Gangrene is a serious condition in which a loss of blood supply causes body tissue to die. It can affect any part of the body but typically starts in the toes, feet, fingers and hands.

Gangrene can occur as a result of an injury, infection or a long-term condition affecting blood circulation.

Symptoms of gangrene include:

  • redness and swelling in the affected area
  • either a loss of sensation or severe pain in the affected area
  • sores or blisters in the affected area that bleed or produce a foul-smelling pus

You should see your GP immediately if you are worried you may have gangrene.

Read more about symptoms of gangrene and diagnosing gangrene.

Who is affected

Anyone can develop gangrene, particularly after a serious injury, but there are certain groups of people who are more at risk.

These include people with long-term conditions that can affect the blood vessels, such as:

  • diabetes – a condition that causes a person's blood sugar level to become too high
  • atherosclerosis – where arteries narrow and become clogged with a fatty substance known as plaque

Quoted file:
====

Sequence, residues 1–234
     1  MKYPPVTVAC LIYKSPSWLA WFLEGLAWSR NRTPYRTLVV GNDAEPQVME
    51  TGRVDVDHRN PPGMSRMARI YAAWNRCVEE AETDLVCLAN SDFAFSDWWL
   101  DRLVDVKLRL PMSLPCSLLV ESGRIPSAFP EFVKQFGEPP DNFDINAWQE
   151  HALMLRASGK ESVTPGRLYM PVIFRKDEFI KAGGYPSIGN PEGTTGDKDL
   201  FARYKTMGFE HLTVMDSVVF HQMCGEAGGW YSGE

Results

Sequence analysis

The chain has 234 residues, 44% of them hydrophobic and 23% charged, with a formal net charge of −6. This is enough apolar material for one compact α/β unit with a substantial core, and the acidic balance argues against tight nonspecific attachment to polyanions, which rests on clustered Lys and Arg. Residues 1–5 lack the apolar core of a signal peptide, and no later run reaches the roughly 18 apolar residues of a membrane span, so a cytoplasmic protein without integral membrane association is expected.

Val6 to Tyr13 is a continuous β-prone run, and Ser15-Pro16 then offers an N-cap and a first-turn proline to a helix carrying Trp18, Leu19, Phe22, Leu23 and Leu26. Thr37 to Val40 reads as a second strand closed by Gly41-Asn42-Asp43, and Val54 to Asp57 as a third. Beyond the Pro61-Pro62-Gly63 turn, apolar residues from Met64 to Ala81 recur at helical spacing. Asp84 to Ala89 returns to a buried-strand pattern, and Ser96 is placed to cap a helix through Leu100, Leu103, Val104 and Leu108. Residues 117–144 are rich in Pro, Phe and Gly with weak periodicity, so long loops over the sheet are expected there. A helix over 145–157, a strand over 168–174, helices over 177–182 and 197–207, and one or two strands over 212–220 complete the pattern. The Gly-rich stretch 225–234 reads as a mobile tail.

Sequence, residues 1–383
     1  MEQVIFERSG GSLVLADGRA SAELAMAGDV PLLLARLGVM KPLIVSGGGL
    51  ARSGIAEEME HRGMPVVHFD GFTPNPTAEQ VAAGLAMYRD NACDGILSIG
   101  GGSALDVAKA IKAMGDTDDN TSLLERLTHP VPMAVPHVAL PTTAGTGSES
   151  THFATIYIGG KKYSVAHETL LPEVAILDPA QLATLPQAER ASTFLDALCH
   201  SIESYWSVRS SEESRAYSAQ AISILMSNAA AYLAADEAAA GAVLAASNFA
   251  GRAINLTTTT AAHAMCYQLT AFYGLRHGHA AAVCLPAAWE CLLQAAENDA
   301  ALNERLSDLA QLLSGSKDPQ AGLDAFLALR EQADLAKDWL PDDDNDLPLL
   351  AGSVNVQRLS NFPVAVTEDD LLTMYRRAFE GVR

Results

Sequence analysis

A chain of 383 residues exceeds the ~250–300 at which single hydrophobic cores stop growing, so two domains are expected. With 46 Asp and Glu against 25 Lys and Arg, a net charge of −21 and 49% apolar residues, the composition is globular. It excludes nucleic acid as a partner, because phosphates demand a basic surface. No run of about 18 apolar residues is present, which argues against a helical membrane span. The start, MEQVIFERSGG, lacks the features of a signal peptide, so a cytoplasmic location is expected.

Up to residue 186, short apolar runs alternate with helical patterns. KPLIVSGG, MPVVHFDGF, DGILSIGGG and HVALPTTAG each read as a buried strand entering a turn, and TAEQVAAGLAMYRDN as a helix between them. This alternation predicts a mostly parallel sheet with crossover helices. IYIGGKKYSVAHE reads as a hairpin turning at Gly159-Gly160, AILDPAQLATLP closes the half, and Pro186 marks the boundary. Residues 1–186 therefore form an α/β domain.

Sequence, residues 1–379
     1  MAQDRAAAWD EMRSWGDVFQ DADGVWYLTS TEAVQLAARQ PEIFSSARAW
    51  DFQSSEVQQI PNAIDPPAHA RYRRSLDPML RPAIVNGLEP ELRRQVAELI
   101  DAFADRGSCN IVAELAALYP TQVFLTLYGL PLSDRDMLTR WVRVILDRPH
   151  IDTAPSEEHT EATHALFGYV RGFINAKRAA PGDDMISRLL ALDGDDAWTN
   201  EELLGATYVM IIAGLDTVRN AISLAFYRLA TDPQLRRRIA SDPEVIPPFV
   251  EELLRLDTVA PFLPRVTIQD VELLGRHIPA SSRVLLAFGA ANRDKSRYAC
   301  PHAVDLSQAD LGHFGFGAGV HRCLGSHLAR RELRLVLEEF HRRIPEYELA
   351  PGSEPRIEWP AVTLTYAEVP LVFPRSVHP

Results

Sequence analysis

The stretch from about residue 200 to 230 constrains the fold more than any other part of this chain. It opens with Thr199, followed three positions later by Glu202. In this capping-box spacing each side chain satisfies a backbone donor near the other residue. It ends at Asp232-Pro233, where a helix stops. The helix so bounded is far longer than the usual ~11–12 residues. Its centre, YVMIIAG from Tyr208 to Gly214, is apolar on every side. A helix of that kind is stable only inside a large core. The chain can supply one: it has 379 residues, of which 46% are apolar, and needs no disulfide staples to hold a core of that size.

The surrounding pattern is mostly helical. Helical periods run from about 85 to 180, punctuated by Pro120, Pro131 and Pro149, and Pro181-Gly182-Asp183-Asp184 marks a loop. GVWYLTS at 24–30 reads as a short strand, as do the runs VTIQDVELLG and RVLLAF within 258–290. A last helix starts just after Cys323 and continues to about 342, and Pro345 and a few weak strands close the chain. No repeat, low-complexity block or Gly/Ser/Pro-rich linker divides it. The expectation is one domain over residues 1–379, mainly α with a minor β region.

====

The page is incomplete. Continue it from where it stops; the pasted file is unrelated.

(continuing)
• peripheral arterial disease – where a build-up of fatty deposits in the arteries restricts blood supply to leg muscles
  • Raynaud's phenomenon – where blood vessels in certain parts of the body, usually the fingers or toes, react abnormally to cold temperatures

During 2012-13, around 35,000 cases of gangrene were seen in hospitals in England.

Read more about the causes of gangrene.

How gangrene is treated

The earlier treatment begins, the more successful it is likely to be. The main treatments include surgery to remove damaged tissue (known as debridement) and antibiotics to treat any underlying infection.

In some cases, you may have surgery to restore the blood flow to the affected area.

In more severe cases, it may be necessary to remove an entire body part such as a toe, foot, or lower leg. This is known as amputation.

Read more about treating gangrene.

Preventing gangrene

Many cases of gangrene can be prevented.

If you have a condition that increases your risk of gangrene, it’s important to have regular check-ups to assess the state of your feet and to report any problems to your GP as soon as possible.

Stopping smoking if you smoke and adopting a healthy lifestyle, with a low-fat diet and regular exercise, can also improve your circulation and reduce your risk of developing gangrene.

Read more about preventing gangrene.

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